For the fifth day in a row, Arlington has hit a new high point for coronavirus infections.
The Virginia Dept. of Health reported 59 new COVID-19 cases in the county overnight, bringing the seven-day trailing total to 412, or an average of 59 cases per day. That’s 10 times the level of infection at the end of June, at a local lull in the pandemic.
Arlington’s seven-day test positivity rate, meanwhile, has risen to 7.5%, above the statewide rate of 7.0%.
No new deaths nor hospitalizations were reported today, however, bringing Arlington’s seven-day hospitalization rate down to eight, from 16 two days ago.
The county’s relatively low level of hospitalizations compared to new cases can be at least partially explained by demographics: nearly two-thirds of new infections over the past two weeks have been among those under the age of 40. Younger people are generally less vulnerable to the worst virus complications.
The cumulative number of cases, hospitalizations and deaths in Arlington is now 5,603, 566 and 156, respectively, according to VDH. At the current rate of infection, Arlington would reach 10,000 cases in early February.
“Americans should avoid travel for Thanksgiving, the Centers for Disease Control and Prevention recommended Thursday,” NBC News reported yesterday. “It was a last-minute attempt by the nation’s leading public health agency to curb what’s sure to be yet another dangerous spike in Covid-19 cases if families gather next week.”
On Wednesday, Arlington County offered a number of tips for safer Thanksgiving gatherings.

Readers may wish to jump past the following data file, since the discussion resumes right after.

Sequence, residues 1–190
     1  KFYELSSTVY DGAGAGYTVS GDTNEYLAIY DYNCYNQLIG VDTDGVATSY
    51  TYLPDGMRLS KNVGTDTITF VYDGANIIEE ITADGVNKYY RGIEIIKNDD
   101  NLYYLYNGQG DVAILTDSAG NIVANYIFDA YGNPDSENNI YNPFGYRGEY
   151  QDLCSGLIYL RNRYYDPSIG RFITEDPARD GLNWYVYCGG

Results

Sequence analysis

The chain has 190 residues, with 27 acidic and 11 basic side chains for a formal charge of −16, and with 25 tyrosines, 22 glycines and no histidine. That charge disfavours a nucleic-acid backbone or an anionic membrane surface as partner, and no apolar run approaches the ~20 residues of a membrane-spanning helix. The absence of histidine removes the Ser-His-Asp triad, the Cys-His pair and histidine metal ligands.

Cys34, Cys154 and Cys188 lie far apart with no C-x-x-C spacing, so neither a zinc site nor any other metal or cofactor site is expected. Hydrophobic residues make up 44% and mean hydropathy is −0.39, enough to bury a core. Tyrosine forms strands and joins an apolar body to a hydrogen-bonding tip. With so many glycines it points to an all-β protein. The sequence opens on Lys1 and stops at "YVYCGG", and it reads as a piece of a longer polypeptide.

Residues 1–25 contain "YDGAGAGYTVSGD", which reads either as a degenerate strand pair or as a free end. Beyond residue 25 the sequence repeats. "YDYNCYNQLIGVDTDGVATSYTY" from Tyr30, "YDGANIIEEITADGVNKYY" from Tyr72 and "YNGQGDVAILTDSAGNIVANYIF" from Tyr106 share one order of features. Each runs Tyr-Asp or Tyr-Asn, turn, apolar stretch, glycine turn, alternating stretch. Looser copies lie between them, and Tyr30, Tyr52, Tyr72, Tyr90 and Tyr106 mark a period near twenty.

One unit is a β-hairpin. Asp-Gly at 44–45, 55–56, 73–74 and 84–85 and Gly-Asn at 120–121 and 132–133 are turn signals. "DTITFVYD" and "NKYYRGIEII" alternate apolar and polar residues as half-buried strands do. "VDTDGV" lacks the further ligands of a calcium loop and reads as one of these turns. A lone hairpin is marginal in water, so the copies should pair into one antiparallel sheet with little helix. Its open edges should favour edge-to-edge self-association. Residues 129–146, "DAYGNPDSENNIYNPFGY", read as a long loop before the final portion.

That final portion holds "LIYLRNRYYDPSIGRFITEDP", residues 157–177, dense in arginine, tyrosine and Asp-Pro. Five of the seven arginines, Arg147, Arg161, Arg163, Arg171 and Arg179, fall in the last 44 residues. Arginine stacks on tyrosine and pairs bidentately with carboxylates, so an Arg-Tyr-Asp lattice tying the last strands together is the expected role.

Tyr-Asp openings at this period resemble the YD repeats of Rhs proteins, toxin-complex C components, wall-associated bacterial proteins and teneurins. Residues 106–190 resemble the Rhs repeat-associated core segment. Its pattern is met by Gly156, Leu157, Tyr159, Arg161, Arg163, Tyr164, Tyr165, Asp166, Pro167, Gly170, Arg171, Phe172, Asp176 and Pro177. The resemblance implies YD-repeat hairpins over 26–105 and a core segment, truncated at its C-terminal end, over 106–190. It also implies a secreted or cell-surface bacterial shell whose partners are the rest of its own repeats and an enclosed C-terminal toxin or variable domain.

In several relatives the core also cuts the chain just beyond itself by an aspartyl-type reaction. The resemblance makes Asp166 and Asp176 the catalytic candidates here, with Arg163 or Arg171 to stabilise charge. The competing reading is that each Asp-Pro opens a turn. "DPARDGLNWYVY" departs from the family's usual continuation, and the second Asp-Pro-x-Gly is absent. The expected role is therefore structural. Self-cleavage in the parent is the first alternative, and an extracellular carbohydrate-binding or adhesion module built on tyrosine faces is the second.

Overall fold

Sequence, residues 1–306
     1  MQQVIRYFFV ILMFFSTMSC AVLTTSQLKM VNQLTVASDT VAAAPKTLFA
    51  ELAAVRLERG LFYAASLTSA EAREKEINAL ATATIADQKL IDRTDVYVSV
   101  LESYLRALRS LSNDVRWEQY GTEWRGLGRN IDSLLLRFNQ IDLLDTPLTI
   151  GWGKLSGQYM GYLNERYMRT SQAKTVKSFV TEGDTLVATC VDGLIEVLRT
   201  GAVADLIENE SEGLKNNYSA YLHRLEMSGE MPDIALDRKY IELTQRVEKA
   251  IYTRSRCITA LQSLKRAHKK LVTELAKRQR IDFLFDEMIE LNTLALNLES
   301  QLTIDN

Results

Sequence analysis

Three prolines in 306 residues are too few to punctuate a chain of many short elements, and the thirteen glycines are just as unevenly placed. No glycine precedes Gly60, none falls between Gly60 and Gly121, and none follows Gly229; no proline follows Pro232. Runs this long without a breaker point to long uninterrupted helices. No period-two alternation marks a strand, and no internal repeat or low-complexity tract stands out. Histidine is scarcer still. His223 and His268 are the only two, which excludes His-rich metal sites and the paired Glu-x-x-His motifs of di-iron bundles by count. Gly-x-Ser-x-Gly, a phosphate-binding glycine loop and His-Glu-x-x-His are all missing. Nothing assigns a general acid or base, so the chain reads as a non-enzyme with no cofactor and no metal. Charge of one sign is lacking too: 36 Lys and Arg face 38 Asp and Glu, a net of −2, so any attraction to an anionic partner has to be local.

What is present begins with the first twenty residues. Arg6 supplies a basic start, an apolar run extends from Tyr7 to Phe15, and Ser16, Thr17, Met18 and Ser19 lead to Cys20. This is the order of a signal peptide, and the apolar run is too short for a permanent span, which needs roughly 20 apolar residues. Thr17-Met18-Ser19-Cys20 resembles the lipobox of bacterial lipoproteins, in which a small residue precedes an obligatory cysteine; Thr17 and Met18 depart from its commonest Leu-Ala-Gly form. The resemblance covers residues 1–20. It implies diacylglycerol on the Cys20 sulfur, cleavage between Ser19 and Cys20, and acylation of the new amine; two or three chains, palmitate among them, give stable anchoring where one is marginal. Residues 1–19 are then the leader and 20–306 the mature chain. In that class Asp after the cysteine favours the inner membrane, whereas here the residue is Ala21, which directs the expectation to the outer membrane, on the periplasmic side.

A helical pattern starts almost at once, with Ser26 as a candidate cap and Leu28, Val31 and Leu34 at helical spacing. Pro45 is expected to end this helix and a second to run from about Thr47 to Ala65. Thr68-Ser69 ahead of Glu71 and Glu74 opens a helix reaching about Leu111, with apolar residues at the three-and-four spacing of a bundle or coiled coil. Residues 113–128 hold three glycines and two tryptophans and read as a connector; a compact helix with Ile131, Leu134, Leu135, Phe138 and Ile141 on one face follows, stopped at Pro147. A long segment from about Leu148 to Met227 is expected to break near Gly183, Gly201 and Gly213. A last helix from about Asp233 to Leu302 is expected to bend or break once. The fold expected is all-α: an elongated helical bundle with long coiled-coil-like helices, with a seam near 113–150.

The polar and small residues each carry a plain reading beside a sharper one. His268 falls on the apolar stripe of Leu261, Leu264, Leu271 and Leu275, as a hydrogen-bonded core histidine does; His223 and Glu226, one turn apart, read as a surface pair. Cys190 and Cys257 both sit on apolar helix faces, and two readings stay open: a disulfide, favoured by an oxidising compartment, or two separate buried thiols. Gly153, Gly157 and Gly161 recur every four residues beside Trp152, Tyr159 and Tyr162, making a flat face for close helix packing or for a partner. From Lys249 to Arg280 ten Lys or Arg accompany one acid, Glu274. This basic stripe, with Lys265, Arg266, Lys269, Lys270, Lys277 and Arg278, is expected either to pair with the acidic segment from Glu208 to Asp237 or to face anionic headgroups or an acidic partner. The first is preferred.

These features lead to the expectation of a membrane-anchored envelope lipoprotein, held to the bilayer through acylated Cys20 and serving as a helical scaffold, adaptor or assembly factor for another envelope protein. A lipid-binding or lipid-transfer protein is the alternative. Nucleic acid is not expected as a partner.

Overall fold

We can all make it a safer holiday season by continuing to practice the public health guidance we know slows the spread: wear a mask; stay at least 6 feet away from others who do not live with you; and wash your hands.
The safest way to celebrate Thanksgiving this year is to celebrate with people in your household. If you do plan to spend Thanksgiving with people outside your household, Arlington County is encouraging everyone to take steps to make your celebration safer by following the suggestions and guidelines issued by the Center for Disease Control and Prevention (CDC).
If you must attend a gathering, CDC recommends bring your own food, drinks, plates, cups, and utensils. Wear a mask, and safely store your mask while eating and drinking. Avoid going in and out of the areas where food is being prepared or handled, such as in the kitchen. Use single-use options, like salad dressing and condiment packets. Bring supplies to stay healthy including extra masks, hand sanitizer that contains at least 60% alcohol and tissues.
If you must have guests to your home, CDC suggests you consider a small outdoor meal with family and friends and limit the number of guests. Have conversations with guests ahead of time to set expectations for celebrating together. If celebrating indoors, make sure to open windows. Have guests bring their own food and drink. If sharing food, have one person serve food and use single-use options, like plastic utensils. Provide supplies to keep everyone healthy including extra masks, hand sanitizer that contains at least 60% alcohol and tissues. Stock bathrooms with enough hand soap and single use towels.
Anyone who has been diagnosed with COVID-19, is waiting for COVID-19 test results, or has been exposed to someone with COVID-19 in the past 14 days should stay home.
Learn more about the certificate and graduate programs at the Schar School during the Virtual Open House June 8.
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